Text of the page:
For her last trip abroad as Germany’s leader, Chancellor Angela Merkel chose to visit Israel, a clear indication of her unequivocal commitment to this country. The trip was cancelled at the last minute because of the government collapse in Afghanistan and the urgent need to evacuate refugees, but in this, too, Merkel recognized Germany’s debt to history.
On Sunday there will be elections for the German parliament, the Bundestag, and for the first time in 19 years Merkel will not be at the helm of the Christian Democratic Union. Thus, an exceptional term of office that began in 2005 comes to an end.
Merkel, the first German chancellor born after World War II and the only one who grew up in what was the communist eastern part of the country until the fall of the Berlin Wall and German reunification, was well aware of her country’s complicated legacy.
In an address to the Knesset in 2008, she said, “The Shoah fills us Germans with shame. I bow my head before the victims. … The break with civilization that was the Shoah has no parallel. … I most firmly believe that only if Germany accepts its responsibility for the moral disaster in its history, will we be able to build a humane future.”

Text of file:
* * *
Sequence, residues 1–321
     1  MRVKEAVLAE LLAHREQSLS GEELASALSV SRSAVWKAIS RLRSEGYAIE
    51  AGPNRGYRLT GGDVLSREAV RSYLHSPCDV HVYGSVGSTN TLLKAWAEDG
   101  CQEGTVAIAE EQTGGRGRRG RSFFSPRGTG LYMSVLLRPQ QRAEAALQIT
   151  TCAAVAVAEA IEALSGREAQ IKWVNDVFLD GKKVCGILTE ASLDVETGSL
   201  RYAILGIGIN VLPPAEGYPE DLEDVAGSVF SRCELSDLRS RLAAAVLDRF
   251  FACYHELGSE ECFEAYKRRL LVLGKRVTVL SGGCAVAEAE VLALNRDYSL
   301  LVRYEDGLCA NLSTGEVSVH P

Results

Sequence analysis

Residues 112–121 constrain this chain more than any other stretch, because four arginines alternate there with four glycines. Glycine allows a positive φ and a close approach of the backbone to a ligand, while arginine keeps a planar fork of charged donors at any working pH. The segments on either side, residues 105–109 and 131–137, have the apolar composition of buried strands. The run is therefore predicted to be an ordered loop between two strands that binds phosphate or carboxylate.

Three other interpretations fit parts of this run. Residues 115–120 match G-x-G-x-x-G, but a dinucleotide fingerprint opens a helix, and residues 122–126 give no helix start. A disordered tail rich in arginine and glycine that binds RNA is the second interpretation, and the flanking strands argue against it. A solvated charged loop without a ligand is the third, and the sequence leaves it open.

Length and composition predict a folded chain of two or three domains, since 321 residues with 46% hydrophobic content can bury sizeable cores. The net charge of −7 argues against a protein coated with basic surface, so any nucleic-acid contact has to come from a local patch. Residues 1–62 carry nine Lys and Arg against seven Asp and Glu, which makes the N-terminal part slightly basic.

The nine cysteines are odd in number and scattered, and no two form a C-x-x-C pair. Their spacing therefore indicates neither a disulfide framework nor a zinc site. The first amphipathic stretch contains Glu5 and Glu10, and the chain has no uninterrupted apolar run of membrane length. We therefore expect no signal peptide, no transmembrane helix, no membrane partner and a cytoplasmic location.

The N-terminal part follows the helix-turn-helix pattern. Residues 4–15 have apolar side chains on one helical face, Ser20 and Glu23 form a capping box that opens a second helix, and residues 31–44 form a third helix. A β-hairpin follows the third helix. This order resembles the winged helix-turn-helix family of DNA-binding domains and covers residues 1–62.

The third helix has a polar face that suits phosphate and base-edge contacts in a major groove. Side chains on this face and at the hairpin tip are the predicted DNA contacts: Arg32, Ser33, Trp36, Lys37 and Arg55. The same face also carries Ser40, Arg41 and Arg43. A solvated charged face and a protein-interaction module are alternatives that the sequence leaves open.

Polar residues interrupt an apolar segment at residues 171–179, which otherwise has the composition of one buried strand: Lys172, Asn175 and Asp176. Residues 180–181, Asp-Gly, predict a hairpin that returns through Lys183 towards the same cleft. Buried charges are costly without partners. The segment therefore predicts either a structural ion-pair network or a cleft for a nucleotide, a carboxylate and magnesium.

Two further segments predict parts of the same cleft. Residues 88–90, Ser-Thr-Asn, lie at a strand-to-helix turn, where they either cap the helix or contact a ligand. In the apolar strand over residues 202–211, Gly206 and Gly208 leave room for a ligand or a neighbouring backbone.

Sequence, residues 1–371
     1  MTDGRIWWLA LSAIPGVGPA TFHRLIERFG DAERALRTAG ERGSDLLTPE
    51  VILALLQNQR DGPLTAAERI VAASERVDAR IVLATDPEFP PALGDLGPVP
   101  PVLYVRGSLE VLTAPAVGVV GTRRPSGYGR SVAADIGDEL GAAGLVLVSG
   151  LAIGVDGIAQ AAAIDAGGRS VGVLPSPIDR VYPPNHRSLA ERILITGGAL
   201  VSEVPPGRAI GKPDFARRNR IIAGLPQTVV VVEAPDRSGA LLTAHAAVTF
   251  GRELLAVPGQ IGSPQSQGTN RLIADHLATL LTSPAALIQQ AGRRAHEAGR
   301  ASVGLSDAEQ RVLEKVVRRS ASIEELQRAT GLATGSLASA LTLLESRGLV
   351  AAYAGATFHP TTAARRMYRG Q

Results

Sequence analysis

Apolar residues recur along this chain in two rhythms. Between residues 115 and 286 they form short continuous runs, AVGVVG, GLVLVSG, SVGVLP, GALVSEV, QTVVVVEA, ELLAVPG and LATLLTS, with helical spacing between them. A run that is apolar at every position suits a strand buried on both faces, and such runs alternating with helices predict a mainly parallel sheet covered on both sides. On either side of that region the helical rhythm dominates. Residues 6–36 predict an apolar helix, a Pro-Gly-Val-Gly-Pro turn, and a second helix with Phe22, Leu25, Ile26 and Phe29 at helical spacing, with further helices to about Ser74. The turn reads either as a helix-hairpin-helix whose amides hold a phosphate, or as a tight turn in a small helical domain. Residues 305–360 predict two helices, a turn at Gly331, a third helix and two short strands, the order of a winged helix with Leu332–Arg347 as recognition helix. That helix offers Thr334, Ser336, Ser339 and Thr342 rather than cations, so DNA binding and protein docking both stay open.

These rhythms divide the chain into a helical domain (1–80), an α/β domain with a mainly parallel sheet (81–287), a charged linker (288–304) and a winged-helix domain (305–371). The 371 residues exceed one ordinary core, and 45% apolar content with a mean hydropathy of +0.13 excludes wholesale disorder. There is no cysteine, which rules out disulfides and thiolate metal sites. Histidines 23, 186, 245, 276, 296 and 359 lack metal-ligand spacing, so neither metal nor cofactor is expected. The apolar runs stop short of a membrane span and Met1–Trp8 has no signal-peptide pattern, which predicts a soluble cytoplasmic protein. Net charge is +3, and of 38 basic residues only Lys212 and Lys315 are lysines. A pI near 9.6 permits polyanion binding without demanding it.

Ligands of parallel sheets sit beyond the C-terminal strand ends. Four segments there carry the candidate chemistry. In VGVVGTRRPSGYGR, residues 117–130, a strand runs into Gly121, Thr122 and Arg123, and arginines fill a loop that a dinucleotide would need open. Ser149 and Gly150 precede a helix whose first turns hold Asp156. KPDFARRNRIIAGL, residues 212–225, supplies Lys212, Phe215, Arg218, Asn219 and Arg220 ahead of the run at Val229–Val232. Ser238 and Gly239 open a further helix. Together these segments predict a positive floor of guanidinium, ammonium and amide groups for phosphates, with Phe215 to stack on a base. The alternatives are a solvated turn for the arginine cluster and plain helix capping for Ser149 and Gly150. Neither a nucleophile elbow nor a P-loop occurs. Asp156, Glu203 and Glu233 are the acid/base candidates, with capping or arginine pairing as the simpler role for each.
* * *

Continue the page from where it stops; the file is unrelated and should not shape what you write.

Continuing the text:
And indeed, Merkel proved that she had learned the lessons of history, when in 2015 she declared, “We can do this,” and despite heavy criticism, Germany absorbed a million refugees from the Syrian civil war.
Throughout her years in office, Merkel kept her word. This was not just with regard to the defense ties between Israel and Germany, which was expressed in the sale of military equipment and joint military exercises, but also in bilateral civilian cooperation and the important contribution Germany has made toward strengthening Israeli democracy and civil society. Merkel tightened diplomatic cooperation, and even started the annual joint meetings of both countries’ cabinets.
But for all that, she never hesitated to voice courageous criticism in her personal conversations with Israeli leaders - particularly with former Prime Minister Benjamin Netanyahu - when she felt that Israeli policies were undermining democratic values and the two-state solution.
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During the chaotic years of populism led by U.S. President Donald Trump, she was the anchor who preserved stability in Europe and the democratic world. For the past 16 years, Germany has had an extraordinary leader, and Israel has enjoyed a true friend, who will be very much missed.
The above article is Haaretz’s lead editorial, as published in the Hebrew and English newspapers in Israel.